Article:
How do Macbeth's imagination and conscience both seem overly active in Act 2 Scene 1?
The soliloquy with which Macbeth ends this scene provides evidence of both his overactive imagination and his overactive -- and guilty -- conscience. On stage alone, he hallucinates a dagger which he says appears before him, the "handle toward [his] hand" (2.1.45). He tries to grab it and cannot, so both he and we know it to be fantastic only.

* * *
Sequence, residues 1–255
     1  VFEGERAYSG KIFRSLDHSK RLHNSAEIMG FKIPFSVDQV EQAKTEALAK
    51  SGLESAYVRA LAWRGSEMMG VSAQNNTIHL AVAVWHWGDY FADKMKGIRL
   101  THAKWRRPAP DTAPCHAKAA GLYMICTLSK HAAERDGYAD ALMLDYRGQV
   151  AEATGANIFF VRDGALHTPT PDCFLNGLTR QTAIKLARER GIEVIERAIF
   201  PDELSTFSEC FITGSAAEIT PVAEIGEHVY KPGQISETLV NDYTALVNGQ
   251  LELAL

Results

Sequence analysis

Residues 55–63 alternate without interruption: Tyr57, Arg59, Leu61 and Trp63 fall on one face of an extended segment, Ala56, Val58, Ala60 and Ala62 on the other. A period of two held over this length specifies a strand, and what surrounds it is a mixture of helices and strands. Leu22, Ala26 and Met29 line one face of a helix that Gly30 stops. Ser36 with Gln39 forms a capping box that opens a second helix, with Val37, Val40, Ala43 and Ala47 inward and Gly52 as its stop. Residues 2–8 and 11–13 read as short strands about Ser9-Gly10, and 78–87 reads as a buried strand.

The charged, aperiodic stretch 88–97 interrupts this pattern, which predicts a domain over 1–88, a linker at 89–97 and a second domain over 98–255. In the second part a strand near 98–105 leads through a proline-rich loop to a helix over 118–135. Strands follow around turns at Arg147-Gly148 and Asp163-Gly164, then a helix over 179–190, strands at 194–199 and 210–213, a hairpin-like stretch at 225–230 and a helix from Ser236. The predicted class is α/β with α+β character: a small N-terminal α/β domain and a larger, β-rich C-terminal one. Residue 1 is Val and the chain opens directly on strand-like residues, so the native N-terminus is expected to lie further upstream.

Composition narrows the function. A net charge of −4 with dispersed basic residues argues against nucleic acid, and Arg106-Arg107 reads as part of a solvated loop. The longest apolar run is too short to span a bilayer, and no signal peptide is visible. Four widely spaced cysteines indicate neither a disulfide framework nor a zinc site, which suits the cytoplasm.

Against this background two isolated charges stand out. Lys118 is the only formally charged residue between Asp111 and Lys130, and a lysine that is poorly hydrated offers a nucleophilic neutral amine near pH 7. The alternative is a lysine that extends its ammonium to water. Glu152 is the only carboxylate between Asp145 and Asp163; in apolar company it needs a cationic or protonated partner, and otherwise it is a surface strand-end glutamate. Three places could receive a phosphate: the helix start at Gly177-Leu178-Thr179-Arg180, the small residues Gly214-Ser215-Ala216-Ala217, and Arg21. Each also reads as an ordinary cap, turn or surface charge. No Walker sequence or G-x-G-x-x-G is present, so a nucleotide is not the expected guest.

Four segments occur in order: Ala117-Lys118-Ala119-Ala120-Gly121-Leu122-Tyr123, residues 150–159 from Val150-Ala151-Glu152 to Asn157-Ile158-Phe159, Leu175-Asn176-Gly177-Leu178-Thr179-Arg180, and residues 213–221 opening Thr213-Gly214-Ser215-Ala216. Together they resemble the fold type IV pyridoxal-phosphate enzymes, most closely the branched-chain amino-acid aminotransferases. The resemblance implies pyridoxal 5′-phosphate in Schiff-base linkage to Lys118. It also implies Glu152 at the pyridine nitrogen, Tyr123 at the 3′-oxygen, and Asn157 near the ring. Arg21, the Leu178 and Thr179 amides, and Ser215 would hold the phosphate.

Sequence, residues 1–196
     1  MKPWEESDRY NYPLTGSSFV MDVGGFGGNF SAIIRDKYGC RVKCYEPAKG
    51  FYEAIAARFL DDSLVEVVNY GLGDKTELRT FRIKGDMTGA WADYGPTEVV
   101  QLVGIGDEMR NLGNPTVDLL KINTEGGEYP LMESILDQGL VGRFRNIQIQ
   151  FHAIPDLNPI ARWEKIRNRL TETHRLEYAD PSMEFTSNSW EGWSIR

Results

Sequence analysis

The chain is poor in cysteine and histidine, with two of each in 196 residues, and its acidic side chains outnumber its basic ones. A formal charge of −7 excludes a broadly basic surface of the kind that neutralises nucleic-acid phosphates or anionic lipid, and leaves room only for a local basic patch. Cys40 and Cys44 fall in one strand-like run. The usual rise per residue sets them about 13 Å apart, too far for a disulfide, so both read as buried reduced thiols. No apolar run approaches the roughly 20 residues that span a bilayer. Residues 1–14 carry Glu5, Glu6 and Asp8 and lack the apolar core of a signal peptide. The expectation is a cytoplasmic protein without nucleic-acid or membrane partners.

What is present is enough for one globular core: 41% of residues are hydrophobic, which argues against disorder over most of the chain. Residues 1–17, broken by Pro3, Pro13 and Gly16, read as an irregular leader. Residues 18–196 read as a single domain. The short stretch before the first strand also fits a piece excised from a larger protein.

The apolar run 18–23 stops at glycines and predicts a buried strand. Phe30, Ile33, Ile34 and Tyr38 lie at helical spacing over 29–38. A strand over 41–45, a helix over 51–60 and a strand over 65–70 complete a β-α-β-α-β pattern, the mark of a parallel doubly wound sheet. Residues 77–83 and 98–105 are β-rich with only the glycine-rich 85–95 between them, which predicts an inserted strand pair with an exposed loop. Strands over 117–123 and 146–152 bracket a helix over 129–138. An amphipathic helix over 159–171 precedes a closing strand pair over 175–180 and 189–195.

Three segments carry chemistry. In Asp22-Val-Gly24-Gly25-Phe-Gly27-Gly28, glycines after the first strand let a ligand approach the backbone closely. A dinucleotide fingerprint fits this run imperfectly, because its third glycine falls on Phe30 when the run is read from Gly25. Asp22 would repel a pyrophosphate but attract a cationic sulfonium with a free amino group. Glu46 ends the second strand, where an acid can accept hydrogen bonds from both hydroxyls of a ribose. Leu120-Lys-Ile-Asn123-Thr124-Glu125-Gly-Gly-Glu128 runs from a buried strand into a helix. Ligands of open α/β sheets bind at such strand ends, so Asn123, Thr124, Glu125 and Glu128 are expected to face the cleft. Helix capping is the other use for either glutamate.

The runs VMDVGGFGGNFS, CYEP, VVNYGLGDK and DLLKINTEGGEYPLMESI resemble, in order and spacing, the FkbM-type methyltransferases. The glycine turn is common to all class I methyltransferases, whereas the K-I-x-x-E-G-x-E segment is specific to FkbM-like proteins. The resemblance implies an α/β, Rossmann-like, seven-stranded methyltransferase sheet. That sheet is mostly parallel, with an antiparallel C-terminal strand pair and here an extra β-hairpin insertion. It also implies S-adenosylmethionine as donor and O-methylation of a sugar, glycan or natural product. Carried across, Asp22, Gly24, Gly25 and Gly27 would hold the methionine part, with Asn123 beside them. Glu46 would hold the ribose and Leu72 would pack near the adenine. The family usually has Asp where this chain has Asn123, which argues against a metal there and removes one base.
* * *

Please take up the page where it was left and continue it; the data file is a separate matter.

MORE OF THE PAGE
Macbeth says that what he sees is "A dagger of the mind, a false creation / Proceeding from the heat-oppressed brain" (2.1.50-51). He is so tense and edgy because of he and his wife's plan to murder Duncan that night, and his imagination has thus produced a hallucination that conveys Macbeth's jitters as well as the reason for them (they plan to use daggers to kill the king). Suddenly, the dagger appears to be covered in "gouts of blood" (2.1.58), further connecting it to Macbeth's jumpiness and guilt for the act he is...
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